Overtime exemption misclassification. Salaried employees claiming their employer misclassified them as exempt from overtime continue to file putative class and collective actions. And with the increase of the minimum salary requirement to $913 per week (or $47,476 annually) under the FLSA’s white collar exemptions, employers will likely continue to face this problem. Other exemptions, like the FLSA’s Motor Carrier Act Exemption, have also led to significant litigation in the transportation industry. Employers should conduct an audit of their exempt employees to confirm the employees satisfy the requirements of the applicable exemption.

Wage deductions. States impose strict requirements on payroll deductions. For a wage deduction to be valid under Indiana law, the agreement must, among other things, be in writing, signed by the employee, and by its terms revocable at any time upon written notice. Indiana law also identifies the limited types of deductions employers can make. Employers that do not adhere to the technical requirements of state law or that make deductions not authorized by state law risk class-action lawsuits seeking repayment of the amounts deducted. Employers can minimize that risk by confirming all of the deductions made to their employees’ checks are permitted under state law and are memorialized in a compliant agreement.

Expense reimbursements. Employee-paid business expenses can wreak havoc if not monitored. For example, requiring an employee to pay for business expenses could cause the employee’s regular rate of pay to drop below the minimum wage under the FLSA. Similarly, several state laws place limitations on the extent to which an employer can make an employee pay for business-related expenses. Indiana, for example, caps the amount of money an employer can deduct for uniforms or equipment necessary for the job at $2,500 per year or 5 percent of the employee’s weekly disposable earnings. Employers that require employees to pay for business-related expenses should closely monitor their practices to ensure they do not run afoul of minimum wage and wage deduction requirements.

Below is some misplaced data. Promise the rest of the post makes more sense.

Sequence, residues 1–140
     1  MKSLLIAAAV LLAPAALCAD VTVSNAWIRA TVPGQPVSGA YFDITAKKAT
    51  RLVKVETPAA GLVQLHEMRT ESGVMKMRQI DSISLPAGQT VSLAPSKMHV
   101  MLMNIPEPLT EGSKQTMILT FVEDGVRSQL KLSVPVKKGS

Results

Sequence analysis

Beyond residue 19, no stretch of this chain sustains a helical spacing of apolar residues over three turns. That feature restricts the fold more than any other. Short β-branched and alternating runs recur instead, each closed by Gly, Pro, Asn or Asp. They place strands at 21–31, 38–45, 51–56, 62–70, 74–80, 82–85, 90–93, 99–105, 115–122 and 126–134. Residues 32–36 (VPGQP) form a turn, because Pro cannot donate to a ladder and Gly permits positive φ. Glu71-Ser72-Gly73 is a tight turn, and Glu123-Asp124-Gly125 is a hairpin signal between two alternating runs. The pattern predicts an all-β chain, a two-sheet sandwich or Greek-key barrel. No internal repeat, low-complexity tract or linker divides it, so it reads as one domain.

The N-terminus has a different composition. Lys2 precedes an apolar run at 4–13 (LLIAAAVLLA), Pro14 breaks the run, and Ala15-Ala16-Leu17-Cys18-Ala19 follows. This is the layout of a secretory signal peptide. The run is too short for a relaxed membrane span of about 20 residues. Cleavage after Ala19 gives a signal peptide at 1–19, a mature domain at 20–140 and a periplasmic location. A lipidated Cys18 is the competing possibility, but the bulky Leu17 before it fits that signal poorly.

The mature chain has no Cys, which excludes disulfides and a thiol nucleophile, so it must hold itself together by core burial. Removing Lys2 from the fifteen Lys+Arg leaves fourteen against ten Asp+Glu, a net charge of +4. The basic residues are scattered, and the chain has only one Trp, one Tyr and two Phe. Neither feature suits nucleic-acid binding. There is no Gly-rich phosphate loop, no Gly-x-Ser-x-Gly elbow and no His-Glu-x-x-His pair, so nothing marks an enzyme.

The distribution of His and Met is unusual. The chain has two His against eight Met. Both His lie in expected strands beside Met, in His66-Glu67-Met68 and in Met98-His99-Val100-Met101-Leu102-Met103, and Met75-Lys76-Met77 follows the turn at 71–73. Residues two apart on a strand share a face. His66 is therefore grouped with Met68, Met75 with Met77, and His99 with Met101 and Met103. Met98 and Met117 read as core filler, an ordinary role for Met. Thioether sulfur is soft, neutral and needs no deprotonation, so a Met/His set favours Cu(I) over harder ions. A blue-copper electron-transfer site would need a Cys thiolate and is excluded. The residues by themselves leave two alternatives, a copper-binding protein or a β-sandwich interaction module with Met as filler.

Vacation pay policies. Several states, like Indiana, treat accrued vacation pay as wages. Failing to pay employees their accrued but unused vacation pay upon termination would violate Indiana law and subject the employer to a claim for the unpaid wages, and potentially liquidated damages and attorney fees. Vacation pay policies that do not clearly state how and when an employee accrues vacation pay, and under what circumstances the vacation pay is forfeited (i.e., a use-it-or-lose-it policy), increase the risk of a class action asserting vacation pay claims. Employers should carefully review their vacation pay policies and practices to confirm employees will not be shorted accrued but unused vacation pay.

Recordkeeping. Some states require employers to put specific information on wage statements and provide for penalties if the employer violates their statutes. Employers should check the laws in each state in which they operate to confirm the employer uses compliant wage statements.

All employers hope they never face a wage-and-hour class or collective action. Those that do will be happy they planned ahead.•


James H. Hanson and Christopher J. Eckhart, who are partners in the labor and employment group of Scopelitis Garvin Light Hanson & Feary P.C., represent clients in class and collective actions nationwide. The opinions expressed are those of the authors.